December 11, 2013

Not Just Stuff

Jim Naughton reports on an interview between Patricia Churchland and Graham Lawton, concerning her book Touching a Nerve: The Self as Brain. Perhaps in a Freudian slip, she refers to her conclusions as, "unnerving..." But if you take away the nerves, by her standards, there can be no ideas!

The "mind-body" debate is a very old one, with a great deal of nuance. Even materialism has to first decide what "matter" is, and I don't think physics has yet plumbed the depths of material and energetic nature to the extent of absolute assurance. I don't think it is likely ever to be settled, as Churchland seems to think it is, through her process of elimination — which I fear looks a bit like a mere reluctance to accept others' perceptions as "real" — a hands over the ears and "la la la la" refusal even to accept the possibility that there is more to the mind than the brain, more to reality than just matter and energy.

Ultimately, neuroexistentialism is just another minimalizing answer to the question of Mind. I find such reductionist models less than helpful — and after all, why should I believe what Churchland or any other collection of tissues suggests is the ultimate reality?

Further questions remain: What if there is an ultimate reality to which, as Neal Stephenson suggests in Anathem, nerve tissue is uniquely sensitive and responsive? What if the brain, even if "just" tissue, is a sense organ designed to pick up on realities not otherwise sensible? What if Spirit is just as real as atoms?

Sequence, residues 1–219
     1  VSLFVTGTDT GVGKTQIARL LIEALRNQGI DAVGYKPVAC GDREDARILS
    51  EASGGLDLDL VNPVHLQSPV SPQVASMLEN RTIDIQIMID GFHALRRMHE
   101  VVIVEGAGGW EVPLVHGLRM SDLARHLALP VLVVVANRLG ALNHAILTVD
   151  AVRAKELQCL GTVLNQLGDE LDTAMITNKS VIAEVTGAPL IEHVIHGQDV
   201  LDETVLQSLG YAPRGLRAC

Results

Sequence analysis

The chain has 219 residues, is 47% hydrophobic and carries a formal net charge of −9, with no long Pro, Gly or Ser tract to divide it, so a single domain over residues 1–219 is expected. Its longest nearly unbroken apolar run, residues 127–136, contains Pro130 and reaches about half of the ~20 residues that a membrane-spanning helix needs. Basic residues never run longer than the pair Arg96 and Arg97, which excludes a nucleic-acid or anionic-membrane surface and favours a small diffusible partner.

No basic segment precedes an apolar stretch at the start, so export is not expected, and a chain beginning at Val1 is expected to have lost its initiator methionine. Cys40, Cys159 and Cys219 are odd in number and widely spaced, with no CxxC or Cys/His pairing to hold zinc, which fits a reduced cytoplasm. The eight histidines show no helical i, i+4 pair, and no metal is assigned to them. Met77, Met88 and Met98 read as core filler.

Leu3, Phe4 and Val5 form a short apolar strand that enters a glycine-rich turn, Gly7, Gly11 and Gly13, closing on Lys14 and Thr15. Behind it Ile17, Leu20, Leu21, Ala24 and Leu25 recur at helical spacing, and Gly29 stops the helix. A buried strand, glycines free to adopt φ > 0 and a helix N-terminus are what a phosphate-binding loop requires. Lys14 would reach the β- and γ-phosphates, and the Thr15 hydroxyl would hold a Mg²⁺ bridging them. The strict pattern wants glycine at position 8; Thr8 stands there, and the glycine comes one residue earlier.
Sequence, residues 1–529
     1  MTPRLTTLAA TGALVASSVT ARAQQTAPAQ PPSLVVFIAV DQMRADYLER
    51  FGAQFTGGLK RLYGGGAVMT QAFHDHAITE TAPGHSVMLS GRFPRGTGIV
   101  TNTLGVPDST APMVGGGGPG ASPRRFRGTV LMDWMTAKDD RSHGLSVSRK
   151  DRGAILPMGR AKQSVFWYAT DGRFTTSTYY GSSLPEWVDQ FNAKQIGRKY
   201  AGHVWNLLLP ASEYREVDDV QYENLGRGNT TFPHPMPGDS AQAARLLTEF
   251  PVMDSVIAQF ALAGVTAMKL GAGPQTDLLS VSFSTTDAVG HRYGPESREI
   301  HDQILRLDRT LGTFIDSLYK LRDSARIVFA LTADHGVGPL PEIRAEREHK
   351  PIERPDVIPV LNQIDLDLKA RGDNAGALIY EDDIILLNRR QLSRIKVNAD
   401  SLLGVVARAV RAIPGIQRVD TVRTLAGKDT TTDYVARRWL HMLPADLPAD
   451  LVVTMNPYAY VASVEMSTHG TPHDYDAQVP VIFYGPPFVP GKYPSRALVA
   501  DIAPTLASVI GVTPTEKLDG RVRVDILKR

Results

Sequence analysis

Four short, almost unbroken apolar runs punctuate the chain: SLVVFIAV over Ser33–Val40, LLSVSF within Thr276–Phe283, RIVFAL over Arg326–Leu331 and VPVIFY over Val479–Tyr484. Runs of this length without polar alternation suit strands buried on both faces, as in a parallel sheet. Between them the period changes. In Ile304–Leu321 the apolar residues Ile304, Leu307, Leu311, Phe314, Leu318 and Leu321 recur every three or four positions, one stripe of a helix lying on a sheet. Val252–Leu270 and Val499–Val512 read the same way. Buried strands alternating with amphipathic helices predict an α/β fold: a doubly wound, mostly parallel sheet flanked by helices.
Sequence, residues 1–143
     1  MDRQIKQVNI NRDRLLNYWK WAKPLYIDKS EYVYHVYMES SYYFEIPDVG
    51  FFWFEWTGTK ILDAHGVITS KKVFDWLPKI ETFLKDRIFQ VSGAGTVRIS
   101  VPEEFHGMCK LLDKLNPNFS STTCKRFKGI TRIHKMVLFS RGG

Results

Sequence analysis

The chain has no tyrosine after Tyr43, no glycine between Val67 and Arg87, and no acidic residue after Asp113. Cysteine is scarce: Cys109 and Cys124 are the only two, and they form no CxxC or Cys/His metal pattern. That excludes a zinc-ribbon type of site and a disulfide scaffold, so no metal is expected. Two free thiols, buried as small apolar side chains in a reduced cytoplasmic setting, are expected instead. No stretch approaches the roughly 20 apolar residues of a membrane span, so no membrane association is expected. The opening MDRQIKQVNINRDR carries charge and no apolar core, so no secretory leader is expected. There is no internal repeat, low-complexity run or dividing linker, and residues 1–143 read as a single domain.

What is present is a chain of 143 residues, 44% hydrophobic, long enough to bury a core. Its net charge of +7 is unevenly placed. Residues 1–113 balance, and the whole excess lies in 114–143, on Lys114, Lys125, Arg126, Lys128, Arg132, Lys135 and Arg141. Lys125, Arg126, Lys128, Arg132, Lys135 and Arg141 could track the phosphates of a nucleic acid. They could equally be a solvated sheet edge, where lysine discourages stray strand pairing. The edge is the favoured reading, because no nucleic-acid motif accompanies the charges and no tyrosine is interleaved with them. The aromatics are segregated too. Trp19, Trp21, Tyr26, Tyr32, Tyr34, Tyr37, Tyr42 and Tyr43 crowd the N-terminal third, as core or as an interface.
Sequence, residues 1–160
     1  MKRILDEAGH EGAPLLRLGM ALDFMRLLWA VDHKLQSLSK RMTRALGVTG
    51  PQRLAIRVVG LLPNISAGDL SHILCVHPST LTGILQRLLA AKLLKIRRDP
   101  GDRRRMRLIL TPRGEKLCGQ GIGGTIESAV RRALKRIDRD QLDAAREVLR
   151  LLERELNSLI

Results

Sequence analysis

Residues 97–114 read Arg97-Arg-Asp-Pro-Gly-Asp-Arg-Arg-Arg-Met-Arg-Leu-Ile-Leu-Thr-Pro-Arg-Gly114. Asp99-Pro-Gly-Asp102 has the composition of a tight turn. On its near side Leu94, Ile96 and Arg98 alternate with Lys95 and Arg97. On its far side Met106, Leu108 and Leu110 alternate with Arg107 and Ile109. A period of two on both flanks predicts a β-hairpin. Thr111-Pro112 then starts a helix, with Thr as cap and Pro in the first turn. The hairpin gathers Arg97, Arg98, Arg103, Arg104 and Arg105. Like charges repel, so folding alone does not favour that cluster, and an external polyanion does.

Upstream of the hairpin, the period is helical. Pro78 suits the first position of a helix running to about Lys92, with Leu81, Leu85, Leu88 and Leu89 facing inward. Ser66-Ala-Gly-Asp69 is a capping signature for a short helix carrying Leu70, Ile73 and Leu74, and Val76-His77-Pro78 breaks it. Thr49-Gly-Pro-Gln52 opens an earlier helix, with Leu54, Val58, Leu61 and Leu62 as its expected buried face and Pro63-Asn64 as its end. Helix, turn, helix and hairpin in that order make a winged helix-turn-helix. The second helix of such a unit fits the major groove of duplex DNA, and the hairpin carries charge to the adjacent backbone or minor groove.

If human beings are just sacks of meat, then soylent green is in our future. No thank you, P.C., I'll stick with the mind as more than the sum of its parts. As Teilhard so wisely said, "My matter is not a 'part' of the universe that I possess totaliter. It is the totality of the universe possessed by me partialiter." My mind exists outside my body, including in other minds — even as you read these words.

So here's to an expansionist, rather than a reductionist, understanding of the mind.

Tobias Stanislas Haller BSG


IT said...

I really don't understand your dislike of this.

So what if consciousness is made of biochemical signals in our brains? We can't be reduced to the firing of a single synapse, any more than a symphony can be reduced to the striking of a single note. Yet ultimately the unique composition occurs because of the coordination of many single notes.

It is in the endless variety of those events that we create something that is not mere neurotransmitters, but art, music, love.... the sum being greater than the parts. I doubt Churchland would disagree with that.

Tobias Stanislas Haller BSG said...

Thanks, IT. I've used the musical analogy in the past myself. The difference, though, to carry the analogy further, is that the symphony is not just a mechanical result of bits of metal and wood stimulating the vibrations of air. There is a mind behind the writing of the music and many minds involved in its performance. I do not believe that "meaning" can arise out of randomness, and that there is some kind of interrelation not accounted for in the reductionist explanation.

Even the finding of "meaning" or "order" has to be defined from outside the system. We say that a checkerboard is "meaningful" but a random display of red and black squares not so... yet both are just arrangements of squares in terms of material substance -- it is the interrelationship of the squares to which we give "meaning." But that "meaning" is imposed by our minds, and does not arise from the squares.